What comes to mind when you hear “Spain”? 

The Rambla? Madrid? Sangria??  

 A bit more than that. It’s also the third largest producer of wine in the world. In recent years, Spain has actually experienced the most growth in their wine industry.  

It’s quite curious when you think back on their history. Their art of winemaking actually survived from their Islamic cultural influences- a culture that forbids alcohol.     

Spanish wine’s notoriety lies largely within products like Cava or Sherry… but many more than these are worthy of the spotlight!

We can say that Spanish rosés generally have good market demand- they’re pleasing and easy to drink, especially for an afternoon of relaxation! Otherwise, it’s often said that Spanish wine is known for its ability to age well.  

How am I going to order a bottle of rosé in Spanish?   

Great question! Instead of “rosé” which is a more globally familiar term, Spain tends to refer to it as “rosado.” So you can say something like:  

Me gustaría una botella de vino rosado, tiene algo?  

If you refer to it any other way, they might not understand you.  

Getting into the specifics, you can usually find endorsements for other shades of rosé on the labels of the bottles, even if they’re not recognized by EU regulations. For example, you might see:  


  • Clarete, a term that refers to the fermentation of red and white grapes together. This technique used to make rosé is also utilized in the production of Rioja. Given the similarity, this term is probably derived from the French “claret” even if there’s a small difference in technique. In the Spanish method, the contact time with the grape skins is longer.


  • Ojo de Gallo, which literally means “eye of the rooster.” This particular term is derived from the light color of the animal’s eyes, but actually indicates “vino mas oscuro que el clarete sin llegar a ser tinto”, or, “a bit darker than the claret method, but not yet red.”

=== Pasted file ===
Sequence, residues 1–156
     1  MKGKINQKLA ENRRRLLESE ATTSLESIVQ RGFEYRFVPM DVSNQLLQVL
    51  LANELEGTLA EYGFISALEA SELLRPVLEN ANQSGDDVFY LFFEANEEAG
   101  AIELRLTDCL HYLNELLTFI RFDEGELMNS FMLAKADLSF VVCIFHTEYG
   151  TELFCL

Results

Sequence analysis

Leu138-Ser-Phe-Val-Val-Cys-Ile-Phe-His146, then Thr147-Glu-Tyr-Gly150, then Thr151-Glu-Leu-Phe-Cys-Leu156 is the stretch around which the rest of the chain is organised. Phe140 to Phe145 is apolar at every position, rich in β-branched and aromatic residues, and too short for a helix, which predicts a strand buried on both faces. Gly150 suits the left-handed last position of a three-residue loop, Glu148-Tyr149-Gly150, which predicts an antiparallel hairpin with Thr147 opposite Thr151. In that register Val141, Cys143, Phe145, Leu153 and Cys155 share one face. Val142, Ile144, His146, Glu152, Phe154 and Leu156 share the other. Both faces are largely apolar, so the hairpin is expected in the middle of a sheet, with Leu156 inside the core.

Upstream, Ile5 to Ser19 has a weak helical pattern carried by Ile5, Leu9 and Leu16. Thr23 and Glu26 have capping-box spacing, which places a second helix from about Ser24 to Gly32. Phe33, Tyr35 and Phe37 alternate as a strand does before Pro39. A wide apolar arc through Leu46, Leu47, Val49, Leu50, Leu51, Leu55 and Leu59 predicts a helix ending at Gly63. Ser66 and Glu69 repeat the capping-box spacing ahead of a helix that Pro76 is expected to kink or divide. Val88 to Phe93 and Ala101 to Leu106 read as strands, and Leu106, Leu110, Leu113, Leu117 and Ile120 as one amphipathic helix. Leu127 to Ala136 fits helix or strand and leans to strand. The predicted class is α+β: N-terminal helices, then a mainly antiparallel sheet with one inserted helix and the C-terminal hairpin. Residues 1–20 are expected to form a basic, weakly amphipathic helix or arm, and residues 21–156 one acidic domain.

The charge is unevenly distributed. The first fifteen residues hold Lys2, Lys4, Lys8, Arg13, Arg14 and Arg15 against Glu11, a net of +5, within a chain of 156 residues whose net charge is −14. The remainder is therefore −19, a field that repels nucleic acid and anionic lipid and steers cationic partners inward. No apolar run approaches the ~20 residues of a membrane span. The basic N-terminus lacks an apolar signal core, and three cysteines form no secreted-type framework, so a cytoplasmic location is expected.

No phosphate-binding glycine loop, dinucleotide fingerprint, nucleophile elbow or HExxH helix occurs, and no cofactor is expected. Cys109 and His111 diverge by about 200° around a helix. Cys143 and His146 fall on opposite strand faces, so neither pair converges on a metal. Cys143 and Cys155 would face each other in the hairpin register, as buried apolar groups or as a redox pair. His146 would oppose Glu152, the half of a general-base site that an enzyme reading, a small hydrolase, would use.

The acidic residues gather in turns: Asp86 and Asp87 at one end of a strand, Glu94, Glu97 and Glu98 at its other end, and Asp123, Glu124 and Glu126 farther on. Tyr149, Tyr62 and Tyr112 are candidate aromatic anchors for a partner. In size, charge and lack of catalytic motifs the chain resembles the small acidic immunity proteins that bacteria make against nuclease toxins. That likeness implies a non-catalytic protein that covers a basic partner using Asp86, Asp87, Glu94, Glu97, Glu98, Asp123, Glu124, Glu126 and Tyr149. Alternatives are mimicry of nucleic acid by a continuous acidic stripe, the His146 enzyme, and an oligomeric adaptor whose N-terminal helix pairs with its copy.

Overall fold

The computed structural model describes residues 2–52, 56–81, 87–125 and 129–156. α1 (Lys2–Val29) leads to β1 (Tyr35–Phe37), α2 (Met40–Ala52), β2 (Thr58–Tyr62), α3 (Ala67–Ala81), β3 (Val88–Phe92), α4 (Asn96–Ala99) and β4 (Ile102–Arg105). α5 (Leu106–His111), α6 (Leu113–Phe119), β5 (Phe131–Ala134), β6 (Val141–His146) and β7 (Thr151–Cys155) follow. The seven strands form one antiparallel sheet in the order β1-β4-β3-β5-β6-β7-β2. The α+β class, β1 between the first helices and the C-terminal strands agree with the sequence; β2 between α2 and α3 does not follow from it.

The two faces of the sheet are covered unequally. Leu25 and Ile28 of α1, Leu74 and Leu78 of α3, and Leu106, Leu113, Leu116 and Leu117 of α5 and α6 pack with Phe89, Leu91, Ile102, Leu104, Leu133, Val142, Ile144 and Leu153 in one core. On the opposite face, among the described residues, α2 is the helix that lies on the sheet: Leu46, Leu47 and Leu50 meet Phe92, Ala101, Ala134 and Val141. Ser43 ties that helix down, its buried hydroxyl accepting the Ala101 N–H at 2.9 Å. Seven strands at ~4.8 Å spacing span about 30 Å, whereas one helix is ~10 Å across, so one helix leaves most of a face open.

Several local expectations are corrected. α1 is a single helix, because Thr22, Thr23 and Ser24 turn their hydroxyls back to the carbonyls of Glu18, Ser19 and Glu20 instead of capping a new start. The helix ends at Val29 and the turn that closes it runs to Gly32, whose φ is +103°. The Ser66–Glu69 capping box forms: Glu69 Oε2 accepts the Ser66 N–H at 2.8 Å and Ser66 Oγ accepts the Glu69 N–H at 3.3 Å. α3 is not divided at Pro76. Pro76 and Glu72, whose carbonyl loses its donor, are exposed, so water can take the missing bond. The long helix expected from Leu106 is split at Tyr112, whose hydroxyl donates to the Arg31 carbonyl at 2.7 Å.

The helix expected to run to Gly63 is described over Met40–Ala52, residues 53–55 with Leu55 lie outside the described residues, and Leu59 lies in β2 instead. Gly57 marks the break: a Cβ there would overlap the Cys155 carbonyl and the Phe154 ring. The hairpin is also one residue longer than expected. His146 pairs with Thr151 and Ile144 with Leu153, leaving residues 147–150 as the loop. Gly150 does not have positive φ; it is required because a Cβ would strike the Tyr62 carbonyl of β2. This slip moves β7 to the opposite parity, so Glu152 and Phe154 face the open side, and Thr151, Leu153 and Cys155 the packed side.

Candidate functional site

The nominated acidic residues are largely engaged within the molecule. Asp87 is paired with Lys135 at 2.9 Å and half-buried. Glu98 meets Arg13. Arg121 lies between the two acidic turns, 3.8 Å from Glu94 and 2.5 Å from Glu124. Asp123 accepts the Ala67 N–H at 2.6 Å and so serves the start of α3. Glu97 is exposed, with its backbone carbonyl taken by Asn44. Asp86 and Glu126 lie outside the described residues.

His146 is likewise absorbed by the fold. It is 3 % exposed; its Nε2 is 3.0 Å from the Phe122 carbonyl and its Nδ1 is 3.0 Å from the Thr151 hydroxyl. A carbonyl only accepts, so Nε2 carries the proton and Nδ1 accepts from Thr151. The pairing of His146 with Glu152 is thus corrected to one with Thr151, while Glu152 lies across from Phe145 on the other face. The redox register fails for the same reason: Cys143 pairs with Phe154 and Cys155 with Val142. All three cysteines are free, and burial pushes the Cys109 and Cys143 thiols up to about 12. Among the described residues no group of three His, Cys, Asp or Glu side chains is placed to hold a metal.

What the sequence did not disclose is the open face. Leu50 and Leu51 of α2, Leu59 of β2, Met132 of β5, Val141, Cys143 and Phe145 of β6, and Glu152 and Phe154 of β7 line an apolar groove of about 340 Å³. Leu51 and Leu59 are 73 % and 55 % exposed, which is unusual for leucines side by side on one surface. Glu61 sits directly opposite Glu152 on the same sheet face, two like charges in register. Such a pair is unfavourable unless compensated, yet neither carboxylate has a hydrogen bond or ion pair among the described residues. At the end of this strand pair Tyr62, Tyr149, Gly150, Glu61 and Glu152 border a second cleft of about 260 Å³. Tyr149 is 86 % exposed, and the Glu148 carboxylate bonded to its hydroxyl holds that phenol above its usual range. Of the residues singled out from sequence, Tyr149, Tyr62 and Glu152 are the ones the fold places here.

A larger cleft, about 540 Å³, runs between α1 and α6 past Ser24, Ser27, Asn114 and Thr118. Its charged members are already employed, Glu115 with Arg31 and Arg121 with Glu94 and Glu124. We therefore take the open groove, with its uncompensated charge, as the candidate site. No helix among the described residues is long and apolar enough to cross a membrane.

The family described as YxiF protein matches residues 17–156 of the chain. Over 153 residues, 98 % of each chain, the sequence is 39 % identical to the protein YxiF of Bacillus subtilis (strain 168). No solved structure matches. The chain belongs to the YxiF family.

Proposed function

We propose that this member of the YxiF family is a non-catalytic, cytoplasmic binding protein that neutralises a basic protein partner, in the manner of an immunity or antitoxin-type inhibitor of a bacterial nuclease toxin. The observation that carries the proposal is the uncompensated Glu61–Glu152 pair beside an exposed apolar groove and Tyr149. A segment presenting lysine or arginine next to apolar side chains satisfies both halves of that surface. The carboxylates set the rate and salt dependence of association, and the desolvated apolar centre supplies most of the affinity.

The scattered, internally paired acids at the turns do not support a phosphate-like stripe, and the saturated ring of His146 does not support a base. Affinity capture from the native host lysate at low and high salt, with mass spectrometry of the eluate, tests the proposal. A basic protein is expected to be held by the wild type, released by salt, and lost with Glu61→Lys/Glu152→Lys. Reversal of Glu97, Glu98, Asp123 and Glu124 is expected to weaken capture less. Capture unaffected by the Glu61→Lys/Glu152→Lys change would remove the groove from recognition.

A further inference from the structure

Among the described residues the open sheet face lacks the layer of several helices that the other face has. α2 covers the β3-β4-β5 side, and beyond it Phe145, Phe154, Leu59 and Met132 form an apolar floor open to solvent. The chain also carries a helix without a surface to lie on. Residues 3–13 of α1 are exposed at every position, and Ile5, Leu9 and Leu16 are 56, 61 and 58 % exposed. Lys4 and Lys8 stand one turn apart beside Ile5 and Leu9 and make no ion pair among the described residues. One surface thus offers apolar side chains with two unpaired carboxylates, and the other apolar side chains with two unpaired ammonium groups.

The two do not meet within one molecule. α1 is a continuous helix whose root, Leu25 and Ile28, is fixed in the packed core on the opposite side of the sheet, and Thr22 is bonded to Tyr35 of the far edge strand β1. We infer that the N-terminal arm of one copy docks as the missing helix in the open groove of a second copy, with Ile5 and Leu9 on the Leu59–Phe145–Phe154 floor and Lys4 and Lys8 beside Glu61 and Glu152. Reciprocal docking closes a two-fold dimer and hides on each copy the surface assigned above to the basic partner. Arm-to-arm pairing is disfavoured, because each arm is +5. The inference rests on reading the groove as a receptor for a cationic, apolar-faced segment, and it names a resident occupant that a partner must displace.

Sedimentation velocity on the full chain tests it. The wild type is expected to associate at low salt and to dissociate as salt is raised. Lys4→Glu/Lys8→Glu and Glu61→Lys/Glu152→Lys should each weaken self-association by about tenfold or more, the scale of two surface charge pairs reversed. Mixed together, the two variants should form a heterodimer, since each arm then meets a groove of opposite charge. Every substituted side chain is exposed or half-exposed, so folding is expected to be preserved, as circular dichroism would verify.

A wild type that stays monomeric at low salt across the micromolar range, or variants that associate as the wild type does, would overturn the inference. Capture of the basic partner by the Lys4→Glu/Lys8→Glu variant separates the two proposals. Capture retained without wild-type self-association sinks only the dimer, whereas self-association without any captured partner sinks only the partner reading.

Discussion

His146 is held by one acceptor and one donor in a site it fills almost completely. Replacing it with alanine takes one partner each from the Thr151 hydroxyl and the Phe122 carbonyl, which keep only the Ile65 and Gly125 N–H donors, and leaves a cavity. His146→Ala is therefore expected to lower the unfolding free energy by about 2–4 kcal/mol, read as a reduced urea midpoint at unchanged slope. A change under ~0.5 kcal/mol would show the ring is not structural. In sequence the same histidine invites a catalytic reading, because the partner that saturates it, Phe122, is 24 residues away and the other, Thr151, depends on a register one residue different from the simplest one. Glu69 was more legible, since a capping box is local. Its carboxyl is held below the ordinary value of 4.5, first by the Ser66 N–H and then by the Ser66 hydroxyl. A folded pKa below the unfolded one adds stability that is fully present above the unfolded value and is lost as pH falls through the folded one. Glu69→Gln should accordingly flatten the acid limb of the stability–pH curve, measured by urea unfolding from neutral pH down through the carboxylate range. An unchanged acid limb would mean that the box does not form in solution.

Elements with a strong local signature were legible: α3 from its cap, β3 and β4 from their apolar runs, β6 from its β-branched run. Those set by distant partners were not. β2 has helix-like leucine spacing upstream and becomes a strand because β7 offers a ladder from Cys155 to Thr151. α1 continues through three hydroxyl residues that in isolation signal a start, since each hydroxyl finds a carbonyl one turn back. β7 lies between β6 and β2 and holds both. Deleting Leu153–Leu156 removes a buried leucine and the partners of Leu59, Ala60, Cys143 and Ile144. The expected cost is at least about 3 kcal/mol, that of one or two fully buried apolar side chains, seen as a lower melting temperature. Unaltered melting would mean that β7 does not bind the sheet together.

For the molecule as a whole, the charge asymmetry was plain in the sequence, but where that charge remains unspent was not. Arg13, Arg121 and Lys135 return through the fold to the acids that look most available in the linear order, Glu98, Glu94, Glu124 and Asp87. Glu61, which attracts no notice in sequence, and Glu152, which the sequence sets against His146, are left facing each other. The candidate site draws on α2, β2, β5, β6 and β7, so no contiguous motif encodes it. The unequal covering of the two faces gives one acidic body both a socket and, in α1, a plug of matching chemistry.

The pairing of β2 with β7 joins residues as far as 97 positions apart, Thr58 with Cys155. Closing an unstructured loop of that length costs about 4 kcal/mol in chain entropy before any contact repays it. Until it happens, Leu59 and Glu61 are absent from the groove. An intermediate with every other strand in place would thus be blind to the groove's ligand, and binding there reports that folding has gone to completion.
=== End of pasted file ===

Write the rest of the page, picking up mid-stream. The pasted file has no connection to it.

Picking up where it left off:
• Vino de Lagrima.  This wine is made without the use of the free-run juice.  The weight of one grape on top of another, combined only with gravity, is what makes this very light wine with such a subtle color.   


Let’s dive into learning about Spanish wine regions.    

Rosé Spagna

  Image by Alexas_Fotos from Pixabay


Famous for its production of red wine from the Tempranillo grape, this is the most famous Spanish region for wine production. Rioja is divided into 3 sub-regions: Rioja Baja, Rioja Alavesa e Rioja Alta.
The rosé here is primarily produced from Tempranillo and Grenache grapes, which is therefore a bit spicy and consistent.   



This is more southern, closer to France. Like with Rioja, there’s the “cierzo,” a cold and dry wind that helps keep the wines fresh in this region. The main grapevine is the Garnacha, which tends to make fruitier rosés. Rosé here represents ¼ of all the wine production in Navarra. These rosés are fresh, with light hints of fruit. It’s ideal with some good barbecue, particularly because of their excellent quality and price.    



We find ourselves in the more northern Spanish region, where the Duero river begins to flow.  This area is very attached to its wine and tradition. Like in the Rioja region, the main grapevine they use is Tempranillo, but the rosé isn’t particularly cheap because the production is rather scarce. The wines here have a bit more body to them, which makes them easy to distinguish from the Rioja rosés.    



There are 35 varieties of grape in this region, some of which are indigenous. Cava is produced here, the famous Spanish sparkling wine. Within the denomination of Cava are some very nice sparkling rosés. Cava rosés can come in many shades and the notes can vary from fruity to toasty (typical of the Classic Method).  



Valencia is the third biggest metropolis in Spain- in this region, they produce a wide variety of wines. The most prevalent grapevine they use is Bobal, a red variety. Historically it’s been used to produce bulk wine, but recently it’s been used to make quite high-quality products.  
Valencia is also famous for a winemaking technique called “doble pasta.”  In this technique, you add the skins like for making rosé, but very little, in order to further concentrate the color. It’s an alternative to the Saignée method.    


This is a region south of Valencia, characterized by a very hot and dry climate. During Islamic influence, incredible irrigation systems were installed.  Thanks to this, the city is now famous for its citrus and grapes. 

The soil is sandy and the typical type of grapevine used is the Monastrell (similar to the French variety, Mourvedrè).  This grape produces darker rosés with hints of red fruit jam.    


Obviously there are plenty of other regions that produce rosé, like Cigalesnortheast of Valladolid where they make interesting rosé from Garnacha. And, of course, Basque Countrywhere the most popular is Txakolì, a dry, tart, sparkling rosé.   


Our trip to Spain concludes here, I hope you’ve learned enough to find your new favorite Spanish rosé!   

Hasta Luego!   

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